By Chris Kramer
Seeking a divorce in Utah could first require attending a mandatory class about the divorce process if a divorce bill were to become law in the state!
Last week, Utah Representative Lorie Fowlke saw her Utah divorce bill mandating that wannabe divorces attend a class on the legal, financial and psychological effects of divorce pass the House committee with a 6-3 vote. Fowlke, who has also been a major player in the long list of Utah child support bills this legislative session, has stipulated in HB128 that married couples considering divorce learn how divorces impact children, according to a story in the Daily Herald.
This proposed Utah divorce law would make this educational course mandatory for all couples considering divorce, regardless of if they have any children. This Utah divorce bill would also give married couples in the state the option of requesting that courts issue a temporary separation order. In order to make this request, Utah couples would have to take the education course and pay an additional $25 fee on top of the class cost. This $25 fee would apply to the cost of filing for divorce if the couple comes to that decision, according to the Daily Herald story.
Fowlke said in the story that the state already provides a similar parental divorce education class with many of the same features as her Utah divorce bill, which she added would come at a minimal cost and effort with this existing class already in place. The story says that the Utah divorce bill appropriates nearly $146,000 for the mandatory divorce education course for 2008.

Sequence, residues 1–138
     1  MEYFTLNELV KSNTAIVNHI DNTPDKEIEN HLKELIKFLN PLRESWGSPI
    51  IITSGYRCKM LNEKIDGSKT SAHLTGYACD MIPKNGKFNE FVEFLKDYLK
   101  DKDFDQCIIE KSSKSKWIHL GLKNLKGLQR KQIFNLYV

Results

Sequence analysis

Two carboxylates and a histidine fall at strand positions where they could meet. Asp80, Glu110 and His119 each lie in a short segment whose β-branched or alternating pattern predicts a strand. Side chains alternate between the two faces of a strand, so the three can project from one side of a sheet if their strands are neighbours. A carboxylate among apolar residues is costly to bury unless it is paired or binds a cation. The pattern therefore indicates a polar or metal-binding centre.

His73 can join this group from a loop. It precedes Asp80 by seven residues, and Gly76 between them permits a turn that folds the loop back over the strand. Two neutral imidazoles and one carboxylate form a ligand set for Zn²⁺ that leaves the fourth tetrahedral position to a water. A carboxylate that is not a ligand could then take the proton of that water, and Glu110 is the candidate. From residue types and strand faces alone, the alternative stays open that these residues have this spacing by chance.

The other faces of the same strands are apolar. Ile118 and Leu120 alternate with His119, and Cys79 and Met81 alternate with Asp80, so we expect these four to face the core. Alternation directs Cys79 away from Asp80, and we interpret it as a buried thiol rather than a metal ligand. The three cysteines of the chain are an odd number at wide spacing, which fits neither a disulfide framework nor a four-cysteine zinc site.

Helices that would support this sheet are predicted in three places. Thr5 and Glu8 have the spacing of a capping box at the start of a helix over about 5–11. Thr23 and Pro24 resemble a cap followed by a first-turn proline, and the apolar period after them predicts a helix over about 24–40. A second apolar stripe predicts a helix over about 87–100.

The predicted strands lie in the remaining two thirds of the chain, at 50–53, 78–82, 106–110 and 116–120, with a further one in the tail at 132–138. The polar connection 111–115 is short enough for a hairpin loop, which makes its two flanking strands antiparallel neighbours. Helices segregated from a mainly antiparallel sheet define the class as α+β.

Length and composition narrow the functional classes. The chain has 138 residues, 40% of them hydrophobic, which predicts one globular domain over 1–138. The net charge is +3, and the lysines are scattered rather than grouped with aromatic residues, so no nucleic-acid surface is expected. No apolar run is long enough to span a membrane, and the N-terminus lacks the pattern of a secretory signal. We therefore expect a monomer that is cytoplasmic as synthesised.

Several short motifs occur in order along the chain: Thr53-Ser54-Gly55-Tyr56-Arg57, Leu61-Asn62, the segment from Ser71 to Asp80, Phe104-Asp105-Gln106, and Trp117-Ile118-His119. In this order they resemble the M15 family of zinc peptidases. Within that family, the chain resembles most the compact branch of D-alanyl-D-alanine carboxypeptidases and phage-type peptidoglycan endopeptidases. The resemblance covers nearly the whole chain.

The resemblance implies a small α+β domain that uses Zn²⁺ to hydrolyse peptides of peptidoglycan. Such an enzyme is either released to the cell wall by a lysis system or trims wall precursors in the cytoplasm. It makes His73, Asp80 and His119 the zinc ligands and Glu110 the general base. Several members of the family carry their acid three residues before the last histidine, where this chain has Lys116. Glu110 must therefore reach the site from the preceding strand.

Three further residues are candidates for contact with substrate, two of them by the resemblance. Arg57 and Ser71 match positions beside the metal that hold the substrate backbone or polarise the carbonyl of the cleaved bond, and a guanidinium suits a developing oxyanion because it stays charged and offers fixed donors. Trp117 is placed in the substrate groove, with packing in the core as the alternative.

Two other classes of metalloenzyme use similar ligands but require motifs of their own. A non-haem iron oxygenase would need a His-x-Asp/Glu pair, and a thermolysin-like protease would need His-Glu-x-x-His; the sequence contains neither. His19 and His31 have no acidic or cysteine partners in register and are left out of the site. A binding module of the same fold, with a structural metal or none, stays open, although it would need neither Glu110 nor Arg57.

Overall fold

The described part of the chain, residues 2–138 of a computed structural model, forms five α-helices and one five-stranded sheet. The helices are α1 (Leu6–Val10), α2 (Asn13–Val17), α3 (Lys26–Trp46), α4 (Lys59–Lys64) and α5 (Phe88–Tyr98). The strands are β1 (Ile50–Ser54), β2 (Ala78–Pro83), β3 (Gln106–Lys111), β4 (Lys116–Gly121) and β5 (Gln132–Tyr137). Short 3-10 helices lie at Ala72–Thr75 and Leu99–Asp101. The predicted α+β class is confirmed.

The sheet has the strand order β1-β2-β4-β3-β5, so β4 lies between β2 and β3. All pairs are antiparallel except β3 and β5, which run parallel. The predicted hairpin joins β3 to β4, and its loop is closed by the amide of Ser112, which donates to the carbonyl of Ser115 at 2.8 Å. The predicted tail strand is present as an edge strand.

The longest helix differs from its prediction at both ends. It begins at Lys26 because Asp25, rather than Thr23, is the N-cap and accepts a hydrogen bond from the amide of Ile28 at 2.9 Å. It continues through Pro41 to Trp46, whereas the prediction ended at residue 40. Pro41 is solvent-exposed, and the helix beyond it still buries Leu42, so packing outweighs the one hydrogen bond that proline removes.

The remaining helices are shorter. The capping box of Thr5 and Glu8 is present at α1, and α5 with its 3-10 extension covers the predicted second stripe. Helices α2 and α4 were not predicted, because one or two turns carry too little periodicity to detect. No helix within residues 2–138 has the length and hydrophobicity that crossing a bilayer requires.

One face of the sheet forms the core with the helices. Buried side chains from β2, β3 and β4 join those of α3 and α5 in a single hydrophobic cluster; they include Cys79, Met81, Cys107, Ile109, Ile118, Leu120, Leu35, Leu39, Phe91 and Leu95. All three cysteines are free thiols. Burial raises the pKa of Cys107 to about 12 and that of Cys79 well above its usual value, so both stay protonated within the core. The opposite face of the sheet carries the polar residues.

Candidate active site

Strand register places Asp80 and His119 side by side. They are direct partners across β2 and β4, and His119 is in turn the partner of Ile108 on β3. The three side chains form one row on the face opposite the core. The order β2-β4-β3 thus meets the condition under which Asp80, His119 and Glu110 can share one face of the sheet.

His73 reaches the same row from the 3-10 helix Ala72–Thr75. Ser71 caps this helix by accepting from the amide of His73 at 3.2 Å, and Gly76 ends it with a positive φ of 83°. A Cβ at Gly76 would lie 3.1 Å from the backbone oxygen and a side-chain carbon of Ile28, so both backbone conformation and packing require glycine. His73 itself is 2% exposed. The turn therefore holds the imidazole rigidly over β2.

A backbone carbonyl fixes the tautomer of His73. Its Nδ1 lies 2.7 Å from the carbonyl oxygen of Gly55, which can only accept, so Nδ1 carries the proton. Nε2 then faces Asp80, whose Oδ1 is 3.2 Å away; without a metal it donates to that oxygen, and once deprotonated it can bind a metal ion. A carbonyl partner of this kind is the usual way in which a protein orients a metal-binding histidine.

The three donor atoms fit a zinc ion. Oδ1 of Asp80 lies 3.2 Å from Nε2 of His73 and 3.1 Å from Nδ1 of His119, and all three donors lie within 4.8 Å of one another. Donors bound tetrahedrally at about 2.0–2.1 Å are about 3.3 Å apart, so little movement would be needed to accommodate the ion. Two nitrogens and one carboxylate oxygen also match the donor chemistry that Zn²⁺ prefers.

Fowlke says that her Utah divorce bill addresses a fundamental need of people to have more information about divorce in order to make educated decisions. She also cited studies detailing how families can recover from divorce, and thinks that her Utah divorce bill and its mandated class would better equip families to do so.
One Utah Representative is quite worried about the implications of such a Utah divorce law. Jackie Biskupski of Salt Lake City is quoted in the story as describing this Utah divorce bill as an example of the government overstepping its bounds by dictating to people what they must do in order to get divorced. She especially thinks that this Utah divorce bill is not necessary for couples without children.
In addition to this Utah divorce bill, Fowlke has been busy this session with other pertinent bills. Fowlke has also introduced a Utah child support bill (HB17) which would give courts the power to require delinquent parents post bond at an amount equivalent to 36 months of child support payments. Fowlke has also sponsored HB133, a Utah child visitation bill which would allow overnight parent-time for infants aged 12 to 18 months and add Halloween as a holiday for visitation purposes.
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